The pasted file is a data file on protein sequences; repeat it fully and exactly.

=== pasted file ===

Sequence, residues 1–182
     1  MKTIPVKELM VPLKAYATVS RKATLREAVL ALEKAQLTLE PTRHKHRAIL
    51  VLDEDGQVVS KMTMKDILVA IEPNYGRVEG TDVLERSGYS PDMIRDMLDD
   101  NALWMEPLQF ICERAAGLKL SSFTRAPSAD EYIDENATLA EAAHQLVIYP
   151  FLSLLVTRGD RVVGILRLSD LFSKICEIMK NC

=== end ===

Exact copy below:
Sequence, residues 1–182
     1  MKTIPVKELM VPLKAYATVS RKATLREAVL ALEKAQLTLE PTRHKHRAIL
    51  VLDEDGQVVS KMTMKDILVA IEPNYGRVEG TDVLERSGYS PDMIRDMLDD
   101  NALWMEPLQF ICERAAGLKL SSFTRAPSAD EYIDENATLA EAAHQLVIYP
   151  FLSLLVTRGD RVVGILRLSD LFSKICEIMK NC